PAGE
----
Nearly 40 percent of adult blacks in the District of Columbia do not have jobs and 73 percent of unemployed black women live in households with incomes below $10,000 a year, according to a D.C. government survey.
According to a survey taken in the summer of 1983, 38 percent of black men aged 16 to 64 were either unemployed or were not in the labor force and 38 percent of black women of the same age group were not working. The survey was conducted by the Washington Urban League for the Department of Employment Services in the District to develop a profile of blacks between ages 16 and 64 who were without work.
"The most significant result of this dismal experience of black males in labor markets is the effect it has had on the black family," the study said. "Many black men are not able to function adequately as fathers and husbands and help provide a financial base for their family."
"The incidence of black children in families under the official poverty level is growing," the study continued. "The social fabric of a community or city becomes strained when disparities in living standards become pronounced. The nonutilization of potentially productive resources of a nation, city or community affects all citizens as revenue is lost or diverted as a result of this exclusion."
According to the study, 34 percent of unemployed black men have been without work for between one and two years. More than 40 percent of black men who are considered to be discouraged workers have either some college or a college degree. The study defined "discouraged" as persons who have some barriers to looking for work as well as those who have other reasons for not looking for a job.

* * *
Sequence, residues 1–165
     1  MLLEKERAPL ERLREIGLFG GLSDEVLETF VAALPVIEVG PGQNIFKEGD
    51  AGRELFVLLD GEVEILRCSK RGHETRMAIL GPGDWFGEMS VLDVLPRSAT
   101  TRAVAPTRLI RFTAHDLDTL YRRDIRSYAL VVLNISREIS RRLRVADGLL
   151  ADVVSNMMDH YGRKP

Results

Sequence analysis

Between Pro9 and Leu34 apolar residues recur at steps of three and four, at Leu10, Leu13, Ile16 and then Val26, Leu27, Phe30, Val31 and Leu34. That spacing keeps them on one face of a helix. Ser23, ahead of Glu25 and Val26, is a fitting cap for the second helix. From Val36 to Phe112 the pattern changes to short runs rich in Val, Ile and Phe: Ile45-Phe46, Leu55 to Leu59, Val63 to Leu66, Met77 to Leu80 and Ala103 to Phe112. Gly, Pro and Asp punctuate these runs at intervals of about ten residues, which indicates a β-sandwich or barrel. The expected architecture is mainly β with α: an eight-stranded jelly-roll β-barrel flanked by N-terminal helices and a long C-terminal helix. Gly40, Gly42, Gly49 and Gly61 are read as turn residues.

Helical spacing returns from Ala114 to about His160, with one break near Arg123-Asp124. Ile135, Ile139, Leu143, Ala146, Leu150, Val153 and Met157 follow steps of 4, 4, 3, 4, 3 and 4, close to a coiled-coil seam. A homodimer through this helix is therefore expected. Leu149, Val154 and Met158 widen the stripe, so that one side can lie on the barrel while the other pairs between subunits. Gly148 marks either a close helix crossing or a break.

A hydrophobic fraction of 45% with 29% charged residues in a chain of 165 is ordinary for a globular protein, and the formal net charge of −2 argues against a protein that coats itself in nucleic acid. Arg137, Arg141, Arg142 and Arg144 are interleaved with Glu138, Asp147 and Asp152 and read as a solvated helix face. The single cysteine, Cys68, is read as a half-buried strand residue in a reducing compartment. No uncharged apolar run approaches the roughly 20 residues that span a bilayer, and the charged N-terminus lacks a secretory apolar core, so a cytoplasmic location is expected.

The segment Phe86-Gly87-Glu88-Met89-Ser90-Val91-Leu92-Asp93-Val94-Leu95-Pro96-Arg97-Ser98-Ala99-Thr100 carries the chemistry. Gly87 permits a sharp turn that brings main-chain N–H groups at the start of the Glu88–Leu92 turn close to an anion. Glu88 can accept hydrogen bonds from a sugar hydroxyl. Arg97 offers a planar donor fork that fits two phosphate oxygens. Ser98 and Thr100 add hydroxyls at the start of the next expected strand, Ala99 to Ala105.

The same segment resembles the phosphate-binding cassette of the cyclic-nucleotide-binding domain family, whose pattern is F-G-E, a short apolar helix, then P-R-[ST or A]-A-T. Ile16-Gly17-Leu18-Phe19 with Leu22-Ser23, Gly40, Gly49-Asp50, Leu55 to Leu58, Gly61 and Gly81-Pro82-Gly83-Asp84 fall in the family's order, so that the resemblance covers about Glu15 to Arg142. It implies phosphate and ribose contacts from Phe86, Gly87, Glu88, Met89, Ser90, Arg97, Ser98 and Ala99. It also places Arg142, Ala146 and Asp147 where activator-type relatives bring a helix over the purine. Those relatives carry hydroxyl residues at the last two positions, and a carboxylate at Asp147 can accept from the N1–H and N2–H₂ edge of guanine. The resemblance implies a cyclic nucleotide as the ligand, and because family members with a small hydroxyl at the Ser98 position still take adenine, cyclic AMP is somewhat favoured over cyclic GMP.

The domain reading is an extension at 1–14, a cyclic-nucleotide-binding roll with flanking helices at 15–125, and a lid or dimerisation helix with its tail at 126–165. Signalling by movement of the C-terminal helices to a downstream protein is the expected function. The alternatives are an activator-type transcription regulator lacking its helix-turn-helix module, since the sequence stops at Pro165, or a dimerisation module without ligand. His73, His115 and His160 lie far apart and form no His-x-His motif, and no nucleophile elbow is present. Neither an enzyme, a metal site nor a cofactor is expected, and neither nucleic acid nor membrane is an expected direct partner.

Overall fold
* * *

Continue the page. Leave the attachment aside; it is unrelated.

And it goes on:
More than one-third of black male discouraged workers said that health problems were their reason for not looking for work.
Black women had a harder time than black men in finding suitable employment in Washington, the study said. "The fact that black women are the most discriminated against in labor markets has had a devastating effect on the welfare of the black family," the study said. "The feminization of poverty is a reality in the black community, since black women, when working, have the lowest income."
The study said that 58 percent of black unemployed women were under age 30 and that 97 percent of discouraged black women are heads of households. Sixty-one percent of unemployed black women and 54 percent of discouraged black women have dependent children under 18 years of age, the study said.
Seventy-three percent of unemployed black women and 54 percent of discouraged black women live in households with incomes of less than $10,000 a year, the study said.